Veteran’s Day versus Memorial Day

Vaughn Hardacker here: There are two holidays that always seem to confuse a lot of people. One is Veterans Day (for many years known as Armistice Day) and Memorial Day while both honor our military veterans. They are not the same.

Veterans Day

Vaughn Hardacker, a young 20 years old Marine in Vietnam 1968

We celebrate it every year, but how did Veterans Day come into existence? It dates back to the signing of the Treaty of Versailles on June 28, 1919. While this day will always be known as the official end of World War I, also known as The Great War, it was at the eleventh hour of the eleventh hour of November 1918 (it is for this reason the holiday is always celebrated on the 11th regardless of which day of the week it falls on), that the war truly came to an end when the armistice, or temporary cessation of hostilities between German and the Allied Nations, went into effect. The following November in 1919, President Woodrow Wilson became known as the president who celebrated the first commemoration of Armistice Day. The name later changed following the Second World War and Korean War in November 1938 when it became the legal Federal Holiday we know and honor today, Veterans Day, which is dedicated to American veterans of all the wars.

Memorial Day

People have honored the sacrifices of soldiers for as long as there have been wars, Memorial Day as we know it in the United States got its start during the American Civil War. As the conflict wound down, people across the North and South tried to honor fallen soldiers.

Front of Vaughn L. Hardacker’s Purple Heart (Posthumous) awarded August 15, 1944

One such ceremony was held on May 1, 1865 in Charleston, South Carolina. Local all-black churches led a gathering of roughly ten thousand people, many of whom were former slaves,  in properly reburying Union soldiers and holding a ceremony to honor their sacrifice and dedicate the new cemetery. The event included speeches, the laying of wreaths and crosses, drills performed by Union soldiers and even picnicking. However, it’s unclear if the event influenced any other such ceremonies in the country, so it remains ambiguous if it should actually be considered the first Memorial Day.The Birthplace(s) of Memorial Day. There are numerous places in the country that claim to have first celebrated Memorial Day a recurring holiday rather than a one-off event. Boalsburg, Pennsylvania claims that an 1864 gathering of women to mourn the deaths of soldiers at the Battle of Gettysburg makes it the founder of the holiday, while Carbondale, Illinois claims two markers in its cemeteries as well as a parade led by Major General John A. Logan (more on him in a moment) as proof that it held the first annual celebration. There’s even a Columbus, Georgia and Columbus, Mississippi with competing claims. While Waterloo,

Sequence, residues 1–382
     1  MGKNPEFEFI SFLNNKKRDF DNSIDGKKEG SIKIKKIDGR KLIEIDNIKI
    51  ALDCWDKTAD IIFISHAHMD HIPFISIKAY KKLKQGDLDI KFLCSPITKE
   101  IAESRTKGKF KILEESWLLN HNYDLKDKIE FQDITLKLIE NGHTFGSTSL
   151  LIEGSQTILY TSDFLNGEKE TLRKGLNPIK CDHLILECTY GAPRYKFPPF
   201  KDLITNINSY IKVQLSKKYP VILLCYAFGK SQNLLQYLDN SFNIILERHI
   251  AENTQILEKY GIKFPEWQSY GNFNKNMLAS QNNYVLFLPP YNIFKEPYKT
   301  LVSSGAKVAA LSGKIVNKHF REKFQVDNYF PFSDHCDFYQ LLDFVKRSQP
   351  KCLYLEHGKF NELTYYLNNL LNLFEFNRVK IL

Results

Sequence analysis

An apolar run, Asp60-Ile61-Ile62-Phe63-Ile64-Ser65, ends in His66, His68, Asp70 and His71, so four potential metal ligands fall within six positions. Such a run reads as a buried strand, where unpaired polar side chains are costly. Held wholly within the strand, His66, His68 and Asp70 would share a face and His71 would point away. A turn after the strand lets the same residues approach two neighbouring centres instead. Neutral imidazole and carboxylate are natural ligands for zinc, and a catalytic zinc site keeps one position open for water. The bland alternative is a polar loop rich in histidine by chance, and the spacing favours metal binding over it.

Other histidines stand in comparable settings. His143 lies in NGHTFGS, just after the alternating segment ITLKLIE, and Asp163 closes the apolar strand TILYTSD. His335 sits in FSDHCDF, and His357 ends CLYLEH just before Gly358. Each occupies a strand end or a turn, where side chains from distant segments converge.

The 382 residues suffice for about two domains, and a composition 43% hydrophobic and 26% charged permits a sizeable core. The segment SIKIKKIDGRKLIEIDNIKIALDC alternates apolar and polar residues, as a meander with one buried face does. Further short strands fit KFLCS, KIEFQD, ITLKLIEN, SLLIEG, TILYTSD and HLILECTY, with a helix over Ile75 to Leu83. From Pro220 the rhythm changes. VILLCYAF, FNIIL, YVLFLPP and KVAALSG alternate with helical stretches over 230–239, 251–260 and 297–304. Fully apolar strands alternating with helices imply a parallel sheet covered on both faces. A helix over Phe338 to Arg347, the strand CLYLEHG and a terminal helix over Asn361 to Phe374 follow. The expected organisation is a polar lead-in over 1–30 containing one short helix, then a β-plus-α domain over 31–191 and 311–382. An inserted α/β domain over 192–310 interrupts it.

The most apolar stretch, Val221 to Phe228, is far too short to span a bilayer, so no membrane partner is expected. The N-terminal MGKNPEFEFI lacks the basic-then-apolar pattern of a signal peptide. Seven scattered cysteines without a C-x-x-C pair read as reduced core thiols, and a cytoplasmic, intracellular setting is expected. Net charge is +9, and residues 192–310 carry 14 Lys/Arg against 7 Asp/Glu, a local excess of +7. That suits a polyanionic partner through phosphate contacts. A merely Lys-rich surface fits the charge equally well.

Reverse side. Vaughn L. Hardacker. KIA France August 15, 1944

New York eventually won federal recognition because of evidence that its celebrations involved the full closure of the town, it has well over 20 rivals for the title, and all of them — even Waterloo — rely on evidence that is at least somewhat disputed. There’s only one event that unambiguously served as a forerunner to Memorial Day.

A few years back there was a popular C&W song entitled Some Gave All and it too has been cause for confusion. The widely used phrase “All gave some, Some gave all.” is mostly related to the members of the United States military who were wounded or killed in action. You will probably hear it more often around Memorial Day every year, and its not for the Veterans Day. A lot of Americans get this confused, and we’ll be honest — it can be a little annoying to all of the living veterans out there.

Memorial Day is a time to remember those who gave their lives for our country, particularly in battle or from wounds they suffered in battle. Veterans Day honors all of those who have served the country in war or peace — dead or alive — although it’s largely intended to thank living veterans for their sacrifices.

The above pictures are used to illustrate my point. In the top photo I was a twenty-year-old Marine Corporal serving in Vietnam. The lower photos are of the purple heart medal awarded to my uncle, Vaughn L. Hardacker, a nineteen-year-old sergeant in the U. S. Army who was killed in action on August 15, 1944 (days short of his 20th birthday). I as a veteran, was willing to give . . . my uncle (and namesake) gave all (I possess this medal and every time I look at it I wonder how much more he should have given so that they could spell his last name correctly).